Idaho Delegation Faces
by Marty Trillhaase
Congressman Mike Simpson, R-Idaho, has sworn 11 times to "support and defend the Constitution of the United States against all enemies, foreign and domestic; ..."
Sen. Mike Crapo, R-Idaho, has spoken those words seven times.
Sen. Jim Risch, R-Idaho, has done so twice.
And Congressman Russ Fulcher, R-Idaho, took the oath of office for the first time.
There are no caveats.
Their obligation is to the Constitution, not the president of their own party or even the political base.
Article 1 of the Constitution is under assault.
Unable to secure more than a pittance for his southern border wall through the legislative process, President Donald Trump intends to usurp the power of the purse by declaring a national emergency and redirecting about $6.6 billion toward the project. It means taking about a third of the military construction budget away from places such as Idaho's Gowen Field and Mountain Home Air Force Base. Left unchallenged, this re-writes the Constitution and gives the president the powers of a financial strongman.
Plenty of Republicans are appalled. Among them you will find Reps. Cathy McMorris Rodgers and Jaime Herrera Beutler, both R-Wash.
What have you heard from Idaho's Republican delegation?
If anything, Crapo hinted at supporting the congressional end run: "In the coming days, I will work closely with my Senate colleagues and with the White House to learn the details of the president's intentions and how they will be implemented."
No surprise there. Throughout this two-year-long anomalous presidency, Idaho's delegation has been cowed into deference. Only Simpson has occasionally broken with Trump.
Perhaps the Idaho delegation is counting on the courts declaring Trump's emergency invalid, thereby rescuing them from facing a moment of conscience.
That's not guaranteed.
Although Trump's declaration is an egregious power grab, the courts may deem it within his prerogatives under the National Emergencies Act of 1976. The money already has been appropriated. The act gives Trump sweeping powers.
" ... The authority to declare national emergencies is basically unfettered," constitutional scholar Jonathan Turley wrote. "It is one of many such laws where Congress created the thin veneer of a process for presidential power that, in reality, was a virtual blank slate."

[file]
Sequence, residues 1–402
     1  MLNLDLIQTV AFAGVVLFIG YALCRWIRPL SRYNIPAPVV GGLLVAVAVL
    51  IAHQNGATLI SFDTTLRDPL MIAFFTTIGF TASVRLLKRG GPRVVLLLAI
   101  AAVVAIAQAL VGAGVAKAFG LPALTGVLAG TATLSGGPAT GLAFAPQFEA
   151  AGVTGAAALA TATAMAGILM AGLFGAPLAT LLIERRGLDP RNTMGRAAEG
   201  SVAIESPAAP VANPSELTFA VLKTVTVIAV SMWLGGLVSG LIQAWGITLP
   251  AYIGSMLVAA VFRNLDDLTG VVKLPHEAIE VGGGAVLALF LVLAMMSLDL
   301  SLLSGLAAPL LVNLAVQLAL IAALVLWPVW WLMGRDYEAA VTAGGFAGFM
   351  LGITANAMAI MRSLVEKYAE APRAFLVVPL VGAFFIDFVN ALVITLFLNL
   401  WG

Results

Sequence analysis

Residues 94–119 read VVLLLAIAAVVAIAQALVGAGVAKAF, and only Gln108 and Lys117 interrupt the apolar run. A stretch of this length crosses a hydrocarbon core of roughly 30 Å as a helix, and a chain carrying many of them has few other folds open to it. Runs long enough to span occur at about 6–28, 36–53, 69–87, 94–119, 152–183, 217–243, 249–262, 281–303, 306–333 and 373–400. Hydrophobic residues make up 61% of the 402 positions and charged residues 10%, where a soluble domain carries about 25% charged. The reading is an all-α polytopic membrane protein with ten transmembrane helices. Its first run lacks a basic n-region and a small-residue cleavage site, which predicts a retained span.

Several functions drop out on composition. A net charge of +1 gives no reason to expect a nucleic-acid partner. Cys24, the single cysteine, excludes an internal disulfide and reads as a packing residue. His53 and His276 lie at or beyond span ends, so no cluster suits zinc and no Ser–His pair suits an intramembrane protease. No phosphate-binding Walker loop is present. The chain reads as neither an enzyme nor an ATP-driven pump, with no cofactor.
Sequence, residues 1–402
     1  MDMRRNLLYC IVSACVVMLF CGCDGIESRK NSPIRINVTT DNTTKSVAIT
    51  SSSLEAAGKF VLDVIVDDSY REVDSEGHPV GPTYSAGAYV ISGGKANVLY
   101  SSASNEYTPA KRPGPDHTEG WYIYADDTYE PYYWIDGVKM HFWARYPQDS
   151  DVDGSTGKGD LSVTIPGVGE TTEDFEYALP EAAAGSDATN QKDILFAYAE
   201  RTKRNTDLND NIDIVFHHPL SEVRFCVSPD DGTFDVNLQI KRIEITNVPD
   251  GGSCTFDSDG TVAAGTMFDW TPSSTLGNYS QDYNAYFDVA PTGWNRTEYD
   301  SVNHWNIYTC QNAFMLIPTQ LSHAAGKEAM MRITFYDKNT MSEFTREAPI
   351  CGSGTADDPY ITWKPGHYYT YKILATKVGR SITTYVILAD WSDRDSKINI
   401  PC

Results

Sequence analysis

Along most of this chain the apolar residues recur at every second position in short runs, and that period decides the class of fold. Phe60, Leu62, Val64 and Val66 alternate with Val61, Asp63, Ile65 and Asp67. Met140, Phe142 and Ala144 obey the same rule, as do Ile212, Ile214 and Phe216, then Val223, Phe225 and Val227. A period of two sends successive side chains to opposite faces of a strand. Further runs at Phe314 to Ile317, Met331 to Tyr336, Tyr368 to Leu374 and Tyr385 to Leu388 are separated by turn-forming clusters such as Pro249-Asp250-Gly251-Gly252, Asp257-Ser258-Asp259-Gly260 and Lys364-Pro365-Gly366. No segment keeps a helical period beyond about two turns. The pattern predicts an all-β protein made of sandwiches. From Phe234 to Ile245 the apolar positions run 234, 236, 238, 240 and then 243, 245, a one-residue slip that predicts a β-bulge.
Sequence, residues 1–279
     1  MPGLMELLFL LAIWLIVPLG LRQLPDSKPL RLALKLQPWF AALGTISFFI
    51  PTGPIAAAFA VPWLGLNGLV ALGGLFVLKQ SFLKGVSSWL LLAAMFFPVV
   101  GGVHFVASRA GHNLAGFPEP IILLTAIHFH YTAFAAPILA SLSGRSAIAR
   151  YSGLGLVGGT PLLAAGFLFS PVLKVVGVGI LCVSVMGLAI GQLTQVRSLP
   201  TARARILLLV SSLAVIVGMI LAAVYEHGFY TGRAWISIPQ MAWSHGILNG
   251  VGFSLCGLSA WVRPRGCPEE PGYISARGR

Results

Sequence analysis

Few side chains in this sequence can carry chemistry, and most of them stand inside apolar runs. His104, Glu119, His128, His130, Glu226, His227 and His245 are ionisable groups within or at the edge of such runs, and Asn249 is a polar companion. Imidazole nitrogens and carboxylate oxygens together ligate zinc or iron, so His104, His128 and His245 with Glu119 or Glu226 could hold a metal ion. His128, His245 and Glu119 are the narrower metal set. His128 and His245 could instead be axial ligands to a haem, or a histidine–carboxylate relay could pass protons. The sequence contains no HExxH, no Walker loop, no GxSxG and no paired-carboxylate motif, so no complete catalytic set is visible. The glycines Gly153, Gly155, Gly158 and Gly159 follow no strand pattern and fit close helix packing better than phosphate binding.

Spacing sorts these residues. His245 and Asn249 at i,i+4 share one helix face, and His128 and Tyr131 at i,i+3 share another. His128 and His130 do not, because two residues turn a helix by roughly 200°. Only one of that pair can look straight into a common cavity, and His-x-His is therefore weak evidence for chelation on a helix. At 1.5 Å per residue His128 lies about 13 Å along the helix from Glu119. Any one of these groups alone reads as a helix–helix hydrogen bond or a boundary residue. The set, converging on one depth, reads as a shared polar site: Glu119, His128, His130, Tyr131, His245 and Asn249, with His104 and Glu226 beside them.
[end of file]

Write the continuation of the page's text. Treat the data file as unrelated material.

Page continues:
Either we have the rule of law or we have the rule of the autocrat. When Congress returns from its Presidents Day recess next week, the remedy is obvious: For Idaho's Republican congressional delegation, the time has come to break with this president.
Pass a resolution of disapproval. And if Trump issues a veto, join to override him with a two-thirds majority in each House.
No question, this won't be pleasant for the Idaho delegation. If there is anything more popular with the Idaho GOP base than the wall, it's that wall's presidential progenitor.
But the essence of political courage is the willingness to stand up for what's right -- even against the tide of public opinion -- and then come home and defend that choice to your constituents.
Who knows? Reason could prevail. Just tell ruby red Idahoans what they could expect from a Democratic president emboldened by Trump's precedent.
Crapo would certainly give people in Coeur d'Alene pause if he suggested another mass killing could prompt President Michael Bloomberg to declare a national emergency and prohibit the Bureau of Alcohol, Tobacco, Firearms and Explosives from issuing or renewing licenses to gun retailers.
People in Lewiston might get it if Fulcher envisioned President Jay Inslee responding to declining Puget Sound orcas by declaring a national emergency and demanding the U.S. Army Corps of Engineers rip out the four dams on the lower Snake River.
In Idaho Falls, Simpson would have not much trouble painting a picture of President Bernie Sanders raiding the Department of Energy to pay for Medicare for All by declaring a national emergency.
In Caldwell, Risch could paint a plausible story of President Kamala Harris using an emergency declaration to decimate the Immigration and Customs Enforcement.
What better reason to be in Congress than to defend the Constitution in its hour of peril? Depending on what Crapo, Risch, Simpson and Fulcher do next, this could be their finest hour.
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